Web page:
Just over a year after the Great East Japan earthquake and tsunami devastated the Tohoku region, on 18th March 2012, the Destination Tohoku campaign set out to bring tourists back to the region. It runs until March 2013. The aim isn’t only to boost the region’s economy, but to show the rest of Japan and the world that Tohoku has so much more to offer than memories of that tragic day.
Manga artist Tetsuya Chiba, creator of Tomorrow’s Joe (Ashita no Joe), has thrown his weight behind the campaign with a superb cover for the free Visit Tohoku guidebook. If you can’t get to Japan to pick up your copy, you can download it in PDF form here. Chiba also created the cover for the Tohoku Passport, which can be stamped in each zone you visit to earn prizes. (It’s available for smartphone, but obviously without that satisfying thump as the rubber stamp hits paper.)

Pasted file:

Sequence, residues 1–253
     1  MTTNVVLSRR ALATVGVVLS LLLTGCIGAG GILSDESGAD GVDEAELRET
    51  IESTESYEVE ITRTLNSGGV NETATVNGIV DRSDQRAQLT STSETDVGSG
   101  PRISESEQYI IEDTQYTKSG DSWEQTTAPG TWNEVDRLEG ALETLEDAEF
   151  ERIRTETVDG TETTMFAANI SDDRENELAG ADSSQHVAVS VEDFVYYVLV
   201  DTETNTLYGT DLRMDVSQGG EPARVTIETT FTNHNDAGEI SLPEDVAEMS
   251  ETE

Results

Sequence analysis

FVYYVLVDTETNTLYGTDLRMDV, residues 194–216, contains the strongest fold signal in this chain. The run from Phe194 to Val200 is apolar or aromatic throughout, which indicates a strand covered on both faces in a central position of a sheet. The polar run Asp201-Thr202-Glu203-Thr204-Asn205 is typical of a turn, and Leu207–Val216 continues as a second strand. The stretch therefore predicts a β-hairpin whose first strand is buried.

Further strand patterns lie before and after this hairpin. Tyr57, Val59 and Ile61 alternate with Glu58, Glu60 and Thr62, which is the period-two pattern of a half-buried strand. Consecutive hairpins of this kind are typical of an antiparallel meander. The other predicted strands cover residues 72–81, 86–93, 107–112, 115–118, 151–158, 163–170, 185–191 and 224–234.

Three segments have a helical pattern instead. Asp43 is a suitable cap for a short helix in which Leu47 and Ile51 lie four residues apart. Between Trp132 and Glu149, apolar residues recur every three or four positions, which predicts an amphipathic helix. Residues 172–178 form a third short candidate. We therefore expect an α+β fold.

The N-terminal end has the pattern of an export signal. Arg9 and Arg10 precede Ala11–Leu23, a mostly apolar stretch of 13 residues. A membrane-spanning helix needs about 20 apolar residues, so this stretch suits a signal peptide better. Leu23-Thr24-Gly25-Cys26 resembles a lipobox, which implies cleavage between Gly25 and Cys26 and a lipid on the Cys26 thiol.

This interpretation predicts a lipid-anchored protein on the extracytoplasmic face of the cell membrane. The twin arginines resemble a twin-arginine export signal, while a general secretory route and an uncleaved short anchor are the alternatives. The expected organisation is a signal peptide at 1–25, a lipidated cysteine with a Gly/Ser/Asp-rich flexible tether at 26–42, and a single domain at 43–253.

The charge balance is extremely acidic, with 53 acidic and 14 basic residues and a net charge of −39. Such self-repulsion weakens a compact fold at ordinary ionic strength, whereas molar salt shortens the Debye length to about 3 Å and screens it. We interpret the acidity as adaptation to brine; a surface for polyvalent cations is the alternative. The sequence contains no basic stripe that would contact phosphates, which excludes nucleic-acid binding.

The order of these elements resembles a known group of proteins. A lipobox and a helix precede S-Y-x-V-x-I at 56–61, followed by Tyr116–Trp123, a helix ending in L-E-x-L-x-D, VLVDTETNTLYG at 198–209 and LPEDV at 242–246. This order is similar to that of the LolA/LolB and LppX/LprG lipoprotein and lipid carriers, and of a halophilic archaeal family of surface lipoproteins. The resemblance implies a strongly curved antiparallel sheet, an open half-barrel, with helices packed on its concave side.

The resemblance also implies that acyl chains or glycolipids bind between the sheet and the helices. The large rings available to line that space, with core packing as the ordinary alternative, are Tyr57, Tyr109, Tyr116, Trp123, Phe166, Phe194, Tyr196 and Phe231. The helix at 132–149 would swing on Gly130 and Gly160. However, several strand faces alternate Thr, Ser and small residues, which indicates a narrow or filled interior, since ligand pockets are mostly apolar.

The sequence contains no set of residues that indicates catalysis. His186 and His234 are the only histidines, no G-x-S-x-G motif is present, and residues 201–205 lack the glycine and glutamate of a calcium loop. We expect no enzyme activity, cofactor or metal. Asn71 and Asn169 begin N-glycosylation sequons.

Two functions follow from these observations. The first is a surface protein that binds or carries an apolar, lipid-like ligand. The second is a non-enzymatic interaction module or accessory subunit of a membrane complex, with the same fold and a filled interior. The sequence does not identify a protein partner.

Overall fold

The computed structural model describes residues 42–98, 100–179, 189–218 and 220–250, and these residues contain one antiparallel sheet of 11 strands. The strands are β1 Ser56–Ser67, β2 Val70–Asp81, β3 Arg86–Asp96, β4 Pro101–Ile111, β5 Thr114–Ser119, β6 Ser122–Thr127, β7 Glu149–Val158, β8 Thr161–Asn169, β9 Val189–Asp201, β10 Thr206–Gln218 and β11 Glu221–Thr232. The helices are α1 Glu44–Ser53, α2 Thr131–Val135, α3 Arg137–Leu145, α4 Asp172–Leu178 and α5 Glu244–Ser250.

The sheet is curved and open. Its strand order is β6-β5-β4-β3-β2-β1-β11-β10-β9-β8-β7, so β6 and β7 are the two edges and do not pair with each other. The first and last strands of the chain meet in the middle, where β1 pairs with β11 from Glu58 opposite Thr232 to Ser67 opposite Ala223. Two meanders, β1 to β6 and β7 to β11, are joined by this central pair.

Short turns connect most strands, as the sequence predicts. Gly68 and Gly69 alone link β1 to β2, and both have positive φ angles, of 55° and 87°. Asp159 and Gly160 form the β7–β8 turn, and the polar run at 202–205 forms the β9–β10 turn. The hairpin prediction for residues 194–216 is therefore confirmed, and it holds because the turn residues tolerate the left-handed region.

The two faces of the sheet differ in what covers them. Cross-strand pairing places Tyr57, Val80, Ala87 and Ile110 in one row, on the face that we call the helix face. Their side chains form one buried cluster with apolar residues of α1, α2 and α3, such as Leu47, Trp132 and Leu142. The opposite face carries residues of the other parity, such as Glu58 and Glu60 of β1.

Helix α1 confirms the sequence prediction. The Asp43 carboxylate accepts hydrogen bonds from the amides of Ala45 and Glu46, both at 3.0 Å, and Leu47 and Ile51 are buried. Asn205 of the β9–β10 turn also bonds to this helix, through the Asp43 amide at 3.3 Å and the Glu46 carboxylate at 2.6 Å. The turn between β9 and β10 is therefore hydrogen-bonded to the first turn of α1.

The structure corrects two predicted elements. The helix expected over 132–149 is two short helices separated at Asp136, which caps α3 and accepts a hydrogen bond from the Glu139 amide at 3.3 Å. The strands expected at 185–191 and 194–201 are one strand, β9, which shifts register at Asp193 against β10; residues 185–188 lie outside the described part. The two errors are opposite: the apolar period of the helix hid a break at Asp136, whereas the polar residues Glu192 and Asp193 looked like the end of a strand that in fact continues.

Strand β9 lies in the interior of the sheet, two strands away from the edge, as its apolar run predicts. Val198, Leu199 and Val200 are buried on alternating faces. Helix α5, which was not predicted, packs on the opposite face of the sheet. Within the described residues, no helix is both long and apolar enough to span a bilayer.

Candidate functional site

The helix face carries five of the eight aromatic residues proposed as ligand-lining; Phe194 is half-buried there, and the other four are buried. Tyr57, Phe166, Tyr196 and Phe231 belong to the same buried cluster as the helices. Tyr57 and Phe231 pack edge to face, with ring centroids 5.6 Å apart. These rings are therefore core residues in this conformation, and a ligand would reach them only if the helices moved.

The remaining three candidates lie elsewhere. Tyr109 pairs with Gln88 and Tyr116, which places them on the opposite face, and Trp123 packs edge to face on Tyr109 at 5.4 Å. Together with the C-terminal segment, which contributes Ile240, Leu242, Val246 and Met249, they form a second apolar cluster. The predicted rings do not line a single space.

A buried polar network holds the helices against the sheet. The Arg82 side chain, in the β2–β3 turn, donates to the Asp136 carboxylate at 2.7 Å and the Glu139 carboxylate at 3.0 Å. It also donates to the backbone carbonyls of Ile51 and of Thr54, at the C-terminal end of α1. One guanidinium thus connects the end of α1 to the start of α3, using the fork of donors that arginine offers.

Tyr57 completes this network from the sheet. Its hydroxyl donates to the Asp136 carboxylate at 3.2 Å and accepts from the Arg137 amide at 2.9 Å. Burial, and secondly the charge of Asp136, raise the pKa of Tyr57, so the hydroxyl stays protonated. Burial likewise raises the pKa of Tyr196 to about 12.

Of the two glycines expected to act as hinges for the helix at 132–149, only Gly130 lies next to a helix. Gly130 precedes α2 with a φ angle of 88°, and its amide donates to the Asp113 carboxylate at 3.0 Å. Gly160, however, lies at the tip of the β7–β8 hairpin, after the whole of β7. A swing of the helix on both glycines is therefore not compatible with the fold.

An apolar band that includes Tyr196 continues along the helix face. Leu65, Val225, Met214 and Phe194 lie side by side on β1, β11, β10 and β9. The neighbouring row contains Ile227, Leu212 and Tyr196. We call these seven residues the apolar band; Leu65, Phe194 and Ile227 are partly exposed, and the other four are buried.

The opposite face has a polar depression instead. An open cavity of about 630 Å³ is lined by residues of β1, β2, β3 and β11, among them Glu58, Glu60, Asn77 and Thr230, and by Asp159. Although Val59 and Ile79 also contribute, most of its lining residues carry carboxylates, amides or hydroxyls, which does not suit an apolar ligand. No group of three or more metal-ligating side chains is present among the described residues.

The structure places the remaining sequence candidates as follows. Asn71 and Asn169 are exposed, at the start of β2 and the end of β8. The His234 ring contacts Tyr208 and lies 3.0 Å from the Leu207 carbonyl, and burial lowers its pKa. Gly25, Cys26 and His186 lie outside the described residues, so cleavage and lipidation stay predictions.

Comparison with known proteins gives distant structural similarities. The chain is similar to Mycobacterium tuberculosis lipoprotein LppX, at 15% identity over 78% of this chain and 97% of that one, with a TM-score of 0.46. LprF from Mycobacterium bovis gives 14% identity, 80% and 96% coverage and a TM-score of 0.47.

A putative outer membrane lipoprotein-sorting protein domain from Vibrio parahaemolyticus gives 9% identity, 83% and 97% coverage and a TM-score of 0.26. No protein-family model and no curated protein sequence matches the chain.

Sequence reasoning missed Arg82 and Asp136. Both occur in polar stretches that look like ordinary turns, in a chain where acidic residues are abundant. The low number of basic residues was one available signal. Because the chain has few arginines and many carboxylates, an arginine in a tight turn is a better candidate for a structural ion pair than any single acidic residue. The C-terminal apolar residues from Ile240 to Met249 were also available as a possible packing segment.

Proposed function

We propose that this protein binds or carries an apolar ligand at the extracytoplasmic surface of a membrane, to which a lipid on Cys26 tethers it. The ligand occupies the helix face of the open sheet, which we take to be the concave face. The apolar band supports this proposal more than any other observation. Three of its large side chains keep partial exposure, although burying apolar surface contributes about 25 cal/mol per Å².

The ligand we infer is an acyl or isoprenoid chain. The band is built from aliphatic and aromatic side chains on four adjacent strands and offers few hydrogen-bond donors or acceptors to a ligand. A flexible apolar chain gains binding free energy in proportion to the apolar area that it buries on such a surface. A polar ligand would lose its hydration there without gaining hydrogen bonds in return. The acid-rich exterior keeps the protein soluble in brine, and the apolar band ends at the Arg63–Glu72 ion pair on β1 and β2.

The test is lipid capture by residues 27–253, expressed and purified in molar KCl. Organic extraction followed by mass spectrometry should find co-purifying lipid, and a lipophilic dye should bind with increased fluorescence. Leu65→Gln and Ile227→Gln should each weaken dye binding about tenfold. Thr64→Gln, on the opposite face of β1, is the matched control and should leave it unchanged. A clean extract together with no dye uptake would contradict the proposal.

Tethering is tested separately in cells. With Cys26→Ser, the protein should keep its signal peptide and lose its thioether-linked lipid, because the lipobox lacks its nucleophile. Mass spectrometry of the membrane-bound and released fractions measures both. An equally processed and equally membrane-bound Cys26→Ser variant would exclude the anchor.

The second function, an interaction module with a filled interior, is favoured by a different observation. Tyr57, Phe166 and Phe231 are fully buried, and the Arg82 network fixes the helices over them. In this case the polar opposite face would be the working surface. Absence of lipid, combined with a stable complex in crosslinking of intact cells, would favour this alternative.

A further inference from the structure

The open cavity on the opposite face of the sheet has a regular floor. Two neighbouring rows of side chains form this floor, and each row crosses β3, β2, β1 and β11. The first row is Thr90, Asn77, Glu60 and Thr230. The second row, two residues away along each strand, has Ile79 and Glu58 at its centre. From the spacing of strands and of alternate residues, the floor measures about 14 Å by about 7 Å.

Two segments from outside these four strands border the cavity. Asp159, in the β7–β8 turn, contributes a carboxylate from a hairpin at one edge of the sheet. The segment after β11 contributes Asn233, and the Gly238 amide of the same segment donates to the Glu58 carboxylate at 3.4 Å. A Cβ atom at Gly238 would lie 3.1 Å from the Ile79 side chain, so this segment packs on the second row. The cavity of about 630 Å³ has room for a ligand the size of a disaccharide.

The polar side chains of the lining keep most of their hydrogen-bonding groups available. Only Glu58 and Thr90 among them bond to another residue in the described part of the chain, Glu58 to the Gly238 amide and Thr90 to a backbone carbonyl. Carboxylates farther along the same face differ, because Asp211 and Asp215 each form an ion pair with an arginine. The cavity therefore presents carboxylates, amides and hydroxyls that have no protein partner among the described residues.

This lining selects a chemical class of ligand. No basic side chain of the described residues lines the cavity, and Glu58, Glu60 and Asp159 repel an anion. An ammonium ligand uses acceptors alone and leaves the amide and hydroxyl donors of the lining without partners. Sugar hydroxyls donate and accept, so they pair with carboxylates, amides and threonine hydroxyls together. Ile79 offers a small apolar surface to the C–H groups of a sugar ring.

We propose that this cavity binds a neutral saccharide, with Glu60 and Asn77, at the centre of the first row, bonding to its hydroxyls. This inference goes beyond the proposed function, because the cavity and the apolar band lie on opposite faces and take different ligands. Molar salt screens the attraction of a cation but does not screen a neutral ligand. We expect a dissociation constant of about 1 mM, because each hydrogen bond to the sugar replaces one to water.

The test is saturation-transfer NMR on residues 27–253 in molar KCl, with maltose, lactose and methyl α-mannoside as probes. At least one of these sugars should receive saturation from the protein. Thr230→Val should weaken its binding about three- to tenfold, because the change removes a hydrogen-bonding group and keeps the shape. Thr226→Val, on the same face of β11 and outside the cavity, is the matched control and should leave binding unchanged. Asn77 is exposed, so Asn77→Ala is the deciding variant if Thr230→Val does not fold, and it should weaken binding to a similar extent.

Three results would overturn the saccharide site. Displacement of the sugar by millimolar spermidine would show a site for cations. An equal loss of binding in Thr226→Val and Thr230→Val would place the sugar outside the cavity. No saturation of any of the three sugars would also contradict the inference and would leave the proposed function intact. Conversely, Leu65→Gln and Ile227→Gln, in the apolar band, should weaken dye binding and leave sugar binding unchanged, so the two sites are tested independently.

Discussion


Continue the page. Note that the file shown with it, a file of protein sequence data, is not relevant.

Chiba, who recently succeeded 93-year-old Takashi Anpanman Yanase as head of the Japan Cartoonists’ Association, was the logical choice to publicise this campaign. For over half a century his work has championed and celebrated the heroic qualities of ordinary people. This commitment is celebrated in an exhibition at Kobe’s Otemae University Art Center from 6-21 October. Admission is free, and the opening day has a one day symposium devoted to the heroism of the ordinary. Kazuhiko Kato, better known as Lupin III creator Monkey Punch, is the guest speaker, while the keynote speech comes from Yorkshire’s own Dr. Darren Jon Ashmore of Akita International University.
Kobe, of course, is no stranger to disaster and survival. In January 1995 the city and region were devastated by the Great Hanshin Earthquake. Manga and tourism were part of its strategy for recovery, but it also relies on the courage and persistence of its citizens. It’s an appropriate place to celebrate the work of a man with insight into the reality of everyday heroes.